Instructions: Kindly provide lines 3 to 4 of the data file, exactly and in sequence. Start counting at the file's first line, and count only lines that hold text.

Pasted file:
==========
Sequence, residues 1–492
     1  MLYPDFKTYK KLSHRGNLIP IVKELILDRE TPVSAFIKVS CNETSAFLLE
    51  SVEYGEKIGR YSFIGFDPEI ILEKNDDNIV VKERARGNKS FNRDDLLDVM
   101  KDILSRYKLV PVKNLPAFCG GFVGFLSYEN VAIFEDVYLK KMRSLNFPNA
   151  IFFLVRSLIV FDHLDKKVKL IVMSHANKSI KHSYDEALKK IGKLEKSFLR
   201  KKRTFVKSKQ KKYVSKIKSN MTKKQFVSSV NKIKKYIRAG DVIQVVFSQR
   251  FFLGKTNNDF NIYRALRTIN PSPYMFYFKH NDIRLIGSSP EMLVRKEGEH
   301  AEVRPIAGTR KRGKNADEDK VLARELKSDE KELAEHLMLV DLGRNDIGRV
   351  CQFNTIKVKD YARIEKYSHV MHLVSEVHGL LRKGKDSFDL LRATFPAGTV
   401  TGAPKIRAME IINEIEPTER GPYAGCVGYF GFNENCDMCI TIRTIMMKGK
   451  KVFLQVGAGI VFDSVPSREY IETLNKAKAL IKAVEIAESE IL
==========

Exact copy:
    51  SVEYGEKIGR YSFIGFDPEI ILEKNDDNIV VKERARGNKS FNRDDLLDVM
   101  KDILSRYKLV PVKNLPAFCG GFVGFLSYEN VAIFEDVYLK KMRSLNFPNA